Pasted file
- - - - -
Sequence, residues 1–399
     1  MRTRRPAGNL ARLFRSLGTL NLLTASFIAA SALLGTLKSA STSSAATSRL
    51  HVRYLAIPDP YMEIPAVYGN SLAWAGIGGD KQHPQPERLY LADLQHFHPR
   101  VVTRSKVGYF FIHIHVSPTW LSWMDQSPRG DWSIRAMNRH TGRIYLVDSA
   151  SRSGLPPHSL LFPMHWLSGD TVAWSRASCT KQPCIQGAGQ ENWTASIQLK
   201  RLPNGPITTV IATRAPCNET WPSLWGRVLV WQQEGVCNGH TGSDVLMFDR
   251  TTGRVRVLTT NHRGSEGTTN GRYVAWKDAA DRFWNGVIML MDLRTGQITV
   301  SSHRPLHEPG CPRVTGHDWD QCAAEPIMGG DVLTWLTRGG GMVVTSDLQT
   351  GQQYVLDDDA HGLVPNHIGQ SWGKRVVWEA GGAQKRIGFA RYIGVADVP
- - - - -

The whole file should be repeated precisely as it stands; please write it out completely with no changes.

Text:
Sequence, residues 1–399
     1  MRTRRPAGNL ARLFRSLGTL NLLTASFIAA SALLGTLKSA STSSAATSRL
    51  HVRYLAIPDP YMEIPAVYGN SLAWAGIGGD KQHPQPERLY LADLQHFHPR
   101  VVTRSKVGYF FIHIHVSPTW LSWMDQSPRG DWSIRAMNRH TGRIYLVDSA
   151  SRSGLPPHSL LFPMHWLSGD TVAWSRASCT KQPCIQGAGQ ENWTASIQLK
   201  RLPNGPITTV IATRAPCNET WPSLWGRVLV WQQEGVCNGH TGSDVLMFDR
   251  TTGRVRVLTT NHRGSEGTTN GRYVAWKDAA DRFWNGVIML MDLRTGQITV
   301  SSHRPLHEPG CPRVTGHDWD QCAAEPIMGG DVLTWLTRGG GMVVTSDLQT
   351  GQQYVLDDDA HGLVPNHIGQ SWGKRVVWEA GGAQKRIGFA RYIGVADVP